Shaolin Jazz lecture teaches listeners about links between jazz and hip-hop

Music unites people. You don’t need to go to a psychology conference to see this. From the haunting resonance of a mezzo-soprano in a Wagner opera to the pulsing beats of a DJ at a frat party, music gives us reason to celebrate the feast of life. Here last Thursday, May 9, to teach us about two hugely influential genres of music—hip-hop and jazz—were Gerald Watson and DJ 2-Tone Jones of the Shaolin Jazz Project.
Shaolin Jazz is a multimedia lecture series designed to inform audiences about jazz and hip-hop culture, their respective histo-ries and evolutions and how they have affected one another and intertwined overtime. The duo has conducted lectures or panels at several colleges and universities including Oberlin, Tufts and Carthage. They have received over 30,000 downloads and 100,000 YouTube views, been featured in numerous articles and interviews and have been showcased in many other creative engagements.

Watson and 2-Tone conceived and produced many mixes, most prominently “Shaolin Jazz –The 37th Chamber,” a fusion of samples from Wu-Tang Clan recordings and classic jazz selections.
“The music and lyrics are astutely crafted to match both in cadence and tone,” they explain on their website, “with the jazz selec-tions used also helping to further accentuate the essence and intensity of the Clan.”
Another mix is the “Gil Scott Suite,” a three track EP tribute to the late great spoken word poet, singer and musician Gil Scott Heron, famous for works such as “The Revolution Will Not Be Televised” and “Winter in America.”

The lecture integrates discourse with musical and visual examples.
“We’re presenting a range of historical facts in academic settings,” explained Watson, “so our natural inclination was to develop that kind of presentation. Our overall goal with our style of presentation was to provide great content and yet still be entertaining. We hope our audience, no matter what their musical preferences are, will gain a better understanding of and appreciation for both jazz culture and hip-hop culture.”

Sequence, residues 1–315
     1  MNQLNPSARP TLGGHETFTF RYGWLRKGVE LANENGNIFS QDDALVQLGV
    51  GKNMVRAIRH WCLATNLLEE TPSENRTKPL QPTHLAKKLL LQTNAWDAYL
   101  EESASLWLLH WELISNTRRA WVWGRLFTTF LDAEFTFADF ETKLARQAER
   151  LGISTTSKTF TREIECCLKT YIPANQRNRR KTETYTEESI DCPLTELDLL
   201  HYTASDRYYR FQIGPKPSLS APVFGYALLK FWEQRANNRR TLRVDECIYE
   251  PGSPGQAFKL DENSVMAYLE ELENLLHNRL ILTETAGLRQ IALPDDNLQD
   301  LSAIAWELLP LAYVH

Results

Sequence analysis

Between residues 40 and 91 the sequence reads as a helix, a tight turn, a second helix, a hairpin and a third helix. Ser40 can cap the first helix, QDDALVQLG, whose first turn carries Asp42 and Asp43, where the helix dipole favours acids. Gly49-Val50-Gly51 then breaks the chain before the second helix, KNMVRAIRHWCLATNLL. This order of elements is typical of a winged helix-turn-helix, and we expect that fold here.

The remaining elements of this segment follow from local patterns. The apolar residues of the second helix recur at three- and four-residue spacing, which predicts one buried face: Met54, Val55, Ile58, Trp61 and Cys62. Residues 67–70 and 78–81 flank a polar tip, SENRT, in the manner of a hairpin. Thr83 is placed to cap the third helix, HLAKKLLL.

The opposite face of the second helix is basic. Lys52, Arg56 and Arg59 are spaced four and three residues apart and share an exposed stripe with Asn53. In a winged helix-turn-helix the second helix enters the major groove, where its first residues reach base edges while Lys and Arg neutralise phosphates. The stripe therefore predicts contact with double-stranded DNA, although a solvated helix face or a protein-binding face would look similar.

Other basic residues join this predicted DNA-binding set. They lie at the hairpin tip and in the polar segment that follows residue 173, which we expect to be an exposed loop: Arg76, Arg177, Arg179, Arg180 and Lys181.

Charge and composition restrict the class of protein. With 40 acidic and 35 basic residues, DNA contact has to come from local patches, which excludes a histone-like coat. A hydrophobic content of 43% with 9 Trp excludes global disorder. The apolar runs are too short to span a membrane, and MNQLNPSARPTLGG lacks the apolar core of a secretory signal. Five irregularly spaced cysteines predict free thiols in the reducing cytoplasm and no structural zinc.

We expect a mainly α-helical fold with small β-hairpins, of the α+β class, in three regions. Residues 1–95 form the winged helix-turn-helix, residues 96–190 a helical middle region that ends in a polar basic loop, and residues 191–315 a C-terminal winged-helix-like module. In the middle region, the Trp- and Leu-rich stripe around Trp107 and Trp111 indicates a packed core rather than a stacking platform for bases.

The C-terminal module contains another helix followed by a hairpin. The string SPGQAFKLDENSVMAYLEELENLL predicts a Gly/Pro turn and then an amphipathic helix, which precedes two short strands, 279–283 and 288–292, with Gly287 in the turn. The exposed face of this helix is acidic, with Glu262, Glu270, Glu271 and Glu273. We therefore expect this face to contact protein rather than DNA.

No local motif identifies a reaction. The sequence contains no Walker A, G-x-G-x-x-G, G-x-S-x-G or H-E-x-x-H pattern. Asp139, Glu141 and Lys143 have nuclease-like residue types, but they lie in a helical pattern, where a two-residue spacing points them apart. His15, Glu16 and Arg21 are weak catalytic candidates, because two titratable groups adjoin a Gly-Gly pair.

In a world where chorus-heavy pop seems to have taken precedence, Watson maintains optimism for jazz’s place in contemporary music.

“I think jazz is as popular as it ever was,” he said, “due in part to cats like Robert Glasper, Derrick Hodges, Common, Karriem Riggins and many other artists who integrate jazz or a jazz aesthetic into their music.”
Music evolves ever more quickly in the modern day. More accessibility to more styles via the internet means more varied influ-ences, which means an exciting and exotic future for music enthusiasts. For this it is important to understand the roots of music.

“The advice I have for Lawrence students is to pursue your passions,” Watson said. “I’ve worked in a creative capacity for a long time and art, in general, is tough to make a living off of. But if you’re the kind of person that eats, drinks, sleeps your craft then take the time to structure a plan—short term and long term goals—that will allow you to do so. Trust me, there’s nothing better than wak-ing up every morning and you’re excited about your day, no matter the hurdles.”

Many Shaolin Jazz tracks are free for download on their website, www.shaolinjazz.com. Take a listen, bop your head and find that connection.

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